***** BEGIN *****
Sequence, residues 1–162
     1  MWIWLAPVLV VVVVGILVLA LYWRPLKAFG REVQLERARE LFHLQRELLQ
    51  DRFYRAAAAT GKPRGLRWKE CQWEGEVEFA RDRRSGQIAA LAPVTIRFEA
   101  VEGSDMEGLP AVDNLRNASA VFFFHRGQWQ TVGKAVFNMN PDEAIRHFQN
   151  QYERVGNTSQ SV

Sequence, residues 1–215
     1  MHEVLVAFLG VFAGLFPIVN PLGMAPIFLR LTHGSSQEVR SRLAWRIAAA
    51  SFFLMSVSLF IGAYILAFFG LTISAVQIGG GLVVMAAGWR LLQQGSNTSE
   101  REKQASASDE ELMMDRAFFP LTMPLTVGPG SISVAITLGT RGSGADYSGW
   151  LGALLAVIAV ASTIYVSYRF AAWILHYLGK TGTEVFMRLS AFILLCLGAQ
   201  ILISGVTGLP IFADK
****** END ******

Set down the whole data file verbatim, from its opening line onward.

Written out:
Sequence, residues 1–162
     1  MWIWLAPVLV VVVVGILVLA LYWRPLKAFG REVQLERARE LFHLQRELLQ
    51  DRFYRAAAAT GKPRGLRWKE CQWEGEVEFA RDRRSGQIAA LAPVTIRFEA
   101  VEGSDMEGLP AVDNLRNASA VFFFHRGQWQ TVGKAVFNMN PDEAIRHFQN
   151  QYERVGNTSQ SV

Sequence, residues 1–215
     1  MHEVLVAFLG VFAGLFPIVN PLGMAPIFLR LTHGSSQEVR SRLAWRIAAA
    51  SFFLMSVSLF IGAYILAFFG LTISAVQIGG GLVVMAAGWR LLQQGSNTSE
   101  REKQASASDE ELMMDRAFFP LTMPLTVGPG SISVAITLGT RGSGADYSGW
   151  LGALLAVIAV ASTIYVSYRF AAWILHYLGK TGTEVFMRLS AFILLCLGAQ
   201  ILISGVTGLP IFADK